Fluid Structures: Assessing Left-Wing Violent Extremist Groups’ Organizational Systems

April 8, 2024
Jessa Mellea  —  CEP Intern

Left-wing extremism and terrorism remain a significant form of ideologically motivated violence. Transnational connectivity and loose, leaderless networks—both offline and online—are key elements of this milieu’s operations. As with other extremist and terrorist phenomena that use these structures, this organizational structure presents challenges to security authorities. This blog is the third in a short series in which CEP aims to highlight the distinguishing characteristics of this extremist and terrorist movement and address individual case studies. Previous blog entries in this series can be found here and here.

Recent left-wing terrorist attacks, including an attempted bomb attack on a courthouse in Greece, an arson attack on an auto factory in Germany, and multiple attacks on communication infrastructure in Italy, have brought renewed attention to the left-wing extremist scene. In contrast to the groups that fueled the wave of left-wing extremist and terrorist violence of the 1970s and 1980s, which were characterized by organized cells, the current left-wing extremist scene has adopted different organizational structures, taking advantage of modern forms of communication and networking, particularly dedicated news media sites.

While the left-wing extremist movement remains diverse, many left-wing extremist groups active today operate in the style of “leaderless resistance.” Leaderless resistance, a term popularized in the 1980s by the American right-wing extremist Louis Beam, is a strategy that proposes that violent extremists should operate in small groups or as individuals, connected only by a common worldview and shared goals, sometimes with ideological leaders. When one extremist commits a violent attack, the other members of the movement are protected from detection by law enforcement because of the group’s decentralized nature. While left-wing extremist groups have long used dispersed networks to operate, and groups across the ideological spectrum are adopting these tactics, this organizational concept is helpful in understanding how modern left-wing extremist groups have adapted tactics through the utilization of the internet.

Rather than forming distinct, static cells, many left-wing extremists operate within a fluid network that regularly shifts in composition and even name. In one of their founding documents, Greek anarchist group Conspiracy of Fire Cells stressed that their label did not denote a group with fixed membership or a centralized structure, but instead individuals and small cells that engage in direct action (often, terrorist attacks) that may or may not be coordinated with other members of the network. The ideological basis for these attacks would not necessarily be ascribed to one specific, detailed doctrine, but would support a few central principles. They emphasize the anti-hierarchical, flexible nature of the group; no one member would take on “fixed, immutable roles.” Rather, members would decide themselves on what responsibilities to take on during attacks based on their own preferences. They note that when plans for an attack are not supported by all members of a group, those who want to carry out the attack would take the “autonomous initiative” to do so, often under a separate name for the temporary cell. The recent bomb attack on the Greek Ministry of Labor illustrates how left-wing extremist associations can fluctuate—the attack was claimed by a group called Revolutionary Class Self-Defense, and one of the suspected perpetrators allegedly has ties to the Conspiracy of Fire Cells.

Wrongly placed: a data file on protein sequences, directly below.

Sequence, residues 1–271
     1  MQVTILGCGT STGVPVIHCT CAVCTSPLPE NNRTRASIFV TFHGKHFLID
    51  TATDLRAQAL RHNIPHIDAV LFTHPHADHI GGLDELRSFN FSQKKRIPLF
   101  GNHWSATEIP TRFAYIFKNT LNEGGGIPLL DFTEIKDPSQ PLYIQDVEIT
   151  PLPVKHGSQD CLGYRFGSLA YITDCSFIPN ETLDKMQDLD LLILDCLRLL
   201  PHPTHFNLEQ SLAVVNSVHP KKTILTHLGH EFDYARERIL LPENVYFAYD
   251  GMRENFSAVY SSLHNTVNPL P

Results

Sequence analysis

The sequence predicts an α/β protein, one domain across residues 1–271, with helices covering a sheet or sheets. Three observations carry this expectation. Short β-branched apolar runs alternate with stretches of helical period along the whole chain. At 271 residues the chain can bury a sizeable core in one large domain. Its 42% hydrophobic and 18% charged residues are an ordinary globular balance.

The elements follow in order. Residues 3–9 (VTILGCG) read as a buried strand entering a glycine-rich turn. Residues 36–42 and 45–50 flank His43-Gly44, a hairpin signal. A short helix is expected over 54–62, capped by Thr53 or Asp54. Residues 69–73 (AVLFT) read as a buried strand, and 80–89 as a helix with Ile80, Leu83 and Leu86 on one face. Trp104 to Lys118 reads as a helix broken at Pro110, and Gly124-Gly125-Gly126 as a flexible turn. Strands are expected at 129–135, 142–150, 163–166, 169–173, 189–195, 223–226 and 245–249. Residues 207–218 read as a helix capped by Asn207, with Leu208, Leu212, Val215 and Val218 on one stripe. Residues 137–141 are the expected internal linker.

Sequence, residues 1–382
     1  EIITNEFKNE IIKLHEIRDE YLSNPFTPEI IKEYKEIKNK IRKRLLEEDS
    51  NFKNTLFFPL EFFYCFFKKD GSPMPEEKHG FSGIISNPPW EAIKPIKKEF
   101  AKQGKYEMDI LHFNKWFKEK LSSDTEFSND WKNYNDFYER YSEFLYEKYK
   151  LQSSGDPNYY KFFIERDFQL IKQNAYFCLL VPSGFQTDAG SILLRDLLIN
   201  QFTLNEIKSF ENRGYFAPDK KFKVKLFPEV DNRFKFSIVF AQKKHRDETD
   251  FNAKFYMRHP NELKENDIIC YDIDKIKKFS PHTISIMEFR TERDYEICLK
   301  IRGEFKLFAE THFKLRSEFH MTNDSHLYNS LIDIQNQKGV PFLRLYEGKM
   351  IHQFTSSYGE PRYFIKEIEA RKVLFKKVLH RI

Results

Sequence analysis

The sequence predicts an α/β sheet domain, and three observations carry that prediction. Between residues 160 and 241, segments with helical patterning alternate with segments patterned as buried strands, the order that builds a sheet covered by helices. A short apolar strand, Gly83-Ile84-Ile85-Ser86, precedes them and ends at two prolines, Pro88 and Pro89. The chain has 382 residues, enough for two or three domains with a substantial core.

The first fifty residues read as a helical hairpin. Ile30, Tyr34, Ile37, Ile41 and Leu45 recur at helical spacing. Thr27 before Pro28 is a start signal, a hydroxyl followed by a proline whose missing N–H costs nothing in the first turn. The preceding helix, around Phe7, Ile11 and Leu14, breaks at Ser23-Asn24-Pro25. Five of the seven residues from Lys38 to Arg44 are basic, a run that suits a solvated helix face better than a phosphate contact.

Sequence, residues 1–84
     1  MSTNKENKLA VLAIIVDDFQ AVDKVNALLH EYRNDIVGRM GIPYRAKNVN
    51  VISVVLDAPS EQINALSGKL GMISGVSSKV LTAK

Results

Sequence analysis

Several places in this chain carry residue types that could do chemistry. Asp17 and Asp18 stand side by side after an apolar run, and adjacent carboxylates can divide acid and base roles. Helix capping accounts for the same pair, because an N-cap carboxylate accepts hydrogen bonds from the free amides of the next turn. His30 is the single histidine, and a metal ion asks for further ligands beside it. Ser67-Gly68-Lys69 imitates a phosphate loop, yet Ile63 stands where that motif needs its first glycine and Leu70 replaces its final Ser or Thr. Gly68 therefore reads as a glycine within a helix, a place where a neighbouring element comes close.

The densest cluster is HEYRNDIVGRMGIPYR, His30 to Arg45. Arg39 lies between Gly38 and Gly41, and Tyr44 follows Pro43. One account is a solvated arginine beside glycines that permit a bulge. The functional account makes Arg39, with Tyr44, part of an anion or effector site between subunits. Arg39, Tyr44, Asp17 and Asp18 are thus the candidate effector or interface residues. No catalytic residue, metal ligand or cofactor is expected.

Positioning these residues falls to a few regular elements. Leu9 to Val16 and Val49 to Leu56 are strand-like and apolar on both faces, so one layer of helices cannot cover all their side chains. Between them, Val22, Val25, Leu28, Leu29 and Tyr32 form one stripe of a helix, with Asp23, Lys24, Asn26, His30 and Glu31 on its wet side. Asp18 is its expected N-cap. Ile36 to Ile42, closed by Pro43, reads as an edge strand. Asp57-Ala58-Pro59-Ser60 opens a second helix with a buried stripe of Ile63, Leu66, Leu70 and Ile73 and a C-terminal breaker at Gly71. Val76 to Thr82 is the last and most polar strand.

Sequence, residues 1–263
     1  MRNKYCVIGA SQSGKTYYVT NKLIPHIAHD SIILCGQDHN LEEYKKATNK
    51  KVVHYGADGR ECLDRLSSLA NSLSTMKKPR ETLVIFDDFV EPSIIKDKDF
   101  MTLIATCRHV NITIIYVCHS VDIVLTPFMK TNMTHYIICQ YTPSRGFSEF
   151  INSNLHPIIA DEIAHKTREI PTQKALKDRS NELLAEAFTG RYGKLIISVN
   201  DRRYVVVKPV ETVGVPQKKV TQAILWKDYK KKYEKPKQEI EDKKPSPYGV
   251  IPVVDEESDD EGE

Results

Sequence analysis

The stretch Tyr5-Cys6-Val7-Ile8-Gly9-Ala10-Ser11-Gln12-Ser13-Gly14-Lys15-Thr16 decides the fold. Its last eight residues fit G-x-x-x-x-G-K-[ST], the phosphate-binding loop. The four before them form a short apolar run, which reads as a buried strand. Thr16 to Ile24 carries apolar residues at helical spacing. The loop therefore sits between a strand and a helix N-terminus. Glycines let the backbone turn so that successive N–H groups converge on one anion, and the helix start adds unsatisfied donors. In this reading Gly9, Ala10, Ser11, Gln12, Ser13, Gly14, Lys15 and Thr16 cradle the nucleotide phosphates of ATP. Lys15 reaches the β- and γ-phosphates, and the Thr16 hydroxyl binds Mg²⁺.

The German-based left-wing network made famous by the trial of Lina E. operated in a similarly changeable manner. The network is suspected of carrying out multiple attacks between 2018 and 2020, mostly targeting right-wing extremists. A witness in the trial, who is a former member of the network, testified that the attacks were planned by a few key individuals and carried out with other members who had received training, as well as individuals on the fringes of the network who were invited to join specific assaults. The composition of the group committing each assault changed each time, and the witness testified that there were no set combinations of members.